There is a 1.4 cm x 1.4 cm x 0.7 cm oval mass with a lobulated and circumscribed margin in the left breast at 11 o'clock 6 cm from the nipple with the long axis parallel to the skin. This correlates as palpated and with mammography findings. Color flow imaging demonstrates that there is vascularity present and an adjacent vascularity.

There also is a 0.4 cm x 0.4 cm x 0.2 cm oval mass with a circumscribed margin in the left breast at 3 o'clock middle depth 7 cm from the nipple. This oval mass is hypoechoic. This correlates with mammography findings. Color flow imaging demonstrates that there is no vascularity present.

There is no sonographic correlate for the palpable concern in the left breast 11 o'clock 8 cm from the nipple.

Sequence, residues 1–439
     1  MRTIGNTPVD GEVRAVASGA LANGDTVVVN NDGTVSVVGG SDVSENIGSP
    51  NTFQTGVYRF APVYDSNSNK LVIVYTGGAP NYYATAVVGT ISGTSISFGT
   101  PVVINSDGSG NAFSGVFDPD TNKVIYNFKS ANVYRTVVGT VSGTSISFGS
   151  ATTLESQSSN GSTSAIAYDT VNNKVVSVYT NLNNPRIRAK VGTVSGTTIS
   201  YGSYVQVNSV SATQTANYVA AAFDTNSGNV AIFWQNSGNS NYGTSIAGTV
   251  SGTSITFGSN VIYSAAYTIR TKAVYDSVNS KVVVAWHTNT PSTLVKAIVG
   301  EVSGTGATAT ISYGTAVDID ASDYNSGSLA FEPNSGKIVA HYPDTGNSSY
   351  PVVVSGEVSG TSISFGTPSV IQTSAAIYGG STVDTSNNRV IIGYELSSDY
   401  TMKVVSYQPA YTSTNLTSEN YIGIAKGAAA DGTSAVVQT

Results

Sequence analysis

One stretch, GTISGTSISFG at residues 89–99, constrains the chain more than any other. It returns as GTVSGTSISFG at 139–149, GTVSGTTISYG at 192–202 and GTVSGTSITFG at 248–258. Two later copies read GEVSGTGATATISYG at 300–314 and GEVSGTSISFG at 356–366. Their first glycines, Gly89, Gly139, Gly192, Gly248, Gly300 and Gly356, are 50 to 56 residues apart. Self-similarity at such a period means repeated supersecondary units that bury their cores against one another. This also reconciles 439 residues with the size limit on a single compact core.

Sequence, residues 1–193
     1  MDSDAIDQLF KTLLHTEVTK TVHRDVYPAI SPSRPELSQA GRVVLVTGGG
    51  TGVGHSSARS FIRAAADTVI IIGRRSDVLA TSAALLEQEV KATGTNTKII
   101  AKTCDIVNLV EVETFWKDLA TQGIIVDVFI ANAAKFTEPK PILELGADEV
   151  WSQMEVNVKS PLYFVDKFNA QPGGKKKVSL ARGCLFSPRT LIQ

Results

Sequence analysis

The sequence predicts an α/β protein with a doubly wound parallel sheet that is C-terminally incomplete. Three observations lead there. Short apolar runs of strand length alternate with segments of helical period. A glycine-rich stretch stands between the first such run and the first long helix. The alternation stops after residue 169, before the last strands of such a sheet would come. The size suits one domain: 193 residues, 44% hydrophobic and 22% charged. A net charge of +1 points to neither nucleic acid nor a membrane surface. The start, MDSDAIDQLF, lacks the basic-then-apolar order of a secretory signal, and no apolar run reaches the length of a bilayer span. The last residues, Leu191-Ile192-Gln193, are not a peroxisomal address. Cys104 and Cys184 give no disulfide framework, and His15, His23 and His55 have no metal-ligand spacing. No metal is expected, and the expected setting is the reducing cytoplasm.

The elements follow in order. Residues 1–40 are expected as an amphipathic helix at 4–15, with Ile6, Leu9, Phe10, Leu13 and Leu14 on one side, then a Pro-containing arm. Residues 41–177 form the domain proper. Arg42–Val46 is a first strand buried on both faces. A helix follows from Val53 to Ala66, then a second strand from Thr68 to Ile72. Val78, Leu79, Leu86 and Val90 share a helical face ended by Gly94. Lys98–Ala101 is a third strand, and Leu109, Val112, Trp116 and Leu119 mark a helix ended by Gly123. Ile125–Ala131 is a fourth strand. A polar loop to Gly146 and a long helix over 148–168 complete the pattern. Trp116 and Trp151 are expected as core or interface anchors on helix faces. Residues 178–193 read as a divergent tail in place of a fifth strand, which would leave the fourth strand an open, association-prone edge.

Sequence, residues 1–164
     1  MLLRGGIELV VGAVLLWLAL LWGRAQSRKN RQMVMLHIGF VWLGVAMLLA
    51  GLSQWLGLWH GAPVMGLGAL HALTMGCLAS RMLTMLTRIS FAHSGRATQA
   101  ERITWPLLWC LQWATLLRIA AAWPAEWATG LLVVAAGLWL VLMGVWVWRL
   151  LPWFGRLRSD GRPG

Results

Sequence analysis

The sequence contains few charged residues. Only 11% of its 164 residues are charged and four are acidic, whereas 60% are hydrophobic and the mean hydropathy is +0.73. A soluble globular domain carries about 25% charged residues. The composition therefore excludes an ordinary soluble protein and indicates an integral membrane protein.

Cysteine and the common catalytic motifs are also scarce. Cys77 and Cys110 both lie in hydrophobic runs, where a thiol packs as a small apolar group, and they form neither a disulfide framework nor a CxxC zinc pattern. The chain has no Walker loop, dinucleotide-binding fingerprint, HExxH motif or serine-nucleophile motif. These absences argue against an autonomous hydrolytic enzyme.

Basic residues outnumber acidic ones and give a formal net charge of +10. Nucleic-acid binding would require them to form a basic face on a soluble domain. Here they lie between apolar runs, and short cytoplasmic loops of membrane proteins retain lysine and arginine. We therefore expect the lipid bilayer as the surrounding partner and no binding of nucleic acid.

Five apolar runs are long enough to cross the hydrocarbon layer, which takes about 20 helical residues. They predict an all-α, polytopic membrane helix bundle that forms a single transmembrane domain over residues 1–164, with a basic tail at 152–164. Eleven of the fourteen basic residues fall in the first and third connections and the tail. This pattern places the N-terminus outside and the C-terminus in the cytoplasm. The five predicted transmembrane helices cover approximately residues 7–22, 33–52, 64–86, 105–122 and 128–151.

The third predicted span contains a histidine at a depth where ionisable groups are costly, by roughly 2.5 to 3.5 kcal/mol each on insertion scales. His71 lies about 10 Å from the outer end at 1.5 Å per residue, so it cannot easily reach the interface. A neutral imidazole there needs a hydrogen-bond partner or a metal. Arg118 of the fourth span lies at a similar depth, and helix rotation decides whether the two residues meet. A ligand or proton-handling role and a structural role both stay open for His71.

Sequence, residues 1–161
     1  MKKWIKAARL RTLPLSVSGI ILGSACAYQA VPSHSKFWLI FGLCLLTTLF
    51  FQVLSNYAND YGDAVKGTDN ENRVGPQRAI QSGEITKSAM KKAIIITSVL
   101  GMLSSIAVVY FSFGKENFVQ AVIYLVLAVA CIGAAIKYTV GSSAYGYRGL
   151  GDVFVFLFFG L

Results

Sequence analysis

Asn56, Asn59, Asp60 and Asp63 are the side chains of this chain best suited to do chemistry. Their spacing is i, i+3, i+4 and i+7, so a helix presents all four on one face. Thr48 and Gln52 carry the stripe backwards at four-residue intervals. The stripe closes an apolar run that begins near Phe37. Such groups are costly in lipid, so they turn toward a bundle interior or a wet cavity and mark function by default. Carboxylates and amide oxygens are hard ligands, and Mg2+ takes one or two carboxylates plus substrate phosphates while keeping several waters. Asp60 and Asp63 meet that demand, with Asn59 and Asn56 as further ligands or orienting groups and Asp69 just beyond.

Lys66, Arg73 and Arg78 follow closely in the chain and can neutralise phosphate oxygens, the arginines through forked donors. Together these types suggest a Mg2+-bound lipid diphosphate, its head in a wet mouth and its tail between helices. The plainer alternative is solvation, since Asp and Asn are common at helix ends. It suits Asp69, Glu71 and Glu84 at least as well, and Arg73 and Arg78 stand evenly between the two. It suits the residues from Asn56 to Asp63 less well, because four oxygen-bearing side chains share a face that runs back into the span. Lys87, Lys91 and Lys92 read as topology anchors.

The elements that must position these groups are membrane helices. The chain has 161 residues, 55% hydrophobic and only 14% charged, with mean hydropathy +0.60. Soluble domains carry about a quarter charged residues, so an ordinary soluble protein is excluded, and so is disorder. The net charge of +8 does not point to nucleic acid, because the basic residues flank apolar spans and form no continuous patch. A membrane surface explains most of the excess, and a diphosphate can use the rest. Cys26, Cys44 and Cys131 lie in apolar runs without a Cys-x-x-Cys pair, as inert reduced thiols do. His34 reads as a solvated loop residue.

A left axillary lymph node is visualized, normal in size and appearance, fatty hila maintained.


No sonographic or mammographic correlate a reported prior palpable concern in the left breast 11o'clock 8 cm from the nipple. Negative imaging results should not deter further evaluation or biopsy of a clinically suspicious finding.

The 1.4 cm x 1.4 cm x 0.7 cm oval mass in the left breast at 11 o'clock is consistent with a solid mass and is at a high suspicion for malignancy. An ultrasound guided biopsy is recommended.

The 0.4 cm x 0.4 cm x 0.2 cm oval mass in the left breast at 3 o'clock middle depth is probably benign. Follow-up left mammogram and ultrasound in 6 months are recommended to demonstrate stability.

Results were given to the patient at the completion